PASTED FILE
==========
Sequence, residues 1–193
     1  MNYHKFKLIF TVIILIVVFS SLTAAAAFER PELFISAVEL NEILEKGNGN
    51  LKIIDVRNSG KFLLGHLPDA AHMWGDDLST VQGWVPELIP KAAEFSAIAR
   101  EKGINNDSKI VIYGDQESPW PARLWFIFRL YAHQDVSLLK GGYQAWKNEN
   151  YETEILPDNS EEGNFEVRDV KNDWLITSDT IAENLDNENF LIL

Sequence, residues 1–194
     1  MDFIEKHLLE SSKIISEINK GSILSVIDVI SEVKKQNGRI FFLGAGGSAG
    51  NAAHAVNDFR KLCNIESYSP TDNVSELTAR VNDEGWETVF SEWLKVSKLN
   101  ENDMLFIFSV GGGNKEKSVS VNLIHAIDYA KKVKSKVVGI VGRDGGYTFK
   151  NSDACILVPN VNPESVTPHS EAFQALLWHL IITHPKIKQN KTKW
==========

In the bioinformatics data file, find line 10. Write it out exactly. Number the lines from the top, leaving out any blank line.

   151  NSDACILVPN VNPESVTPHS EAFQALLWHL IITHPKIKQN KTKW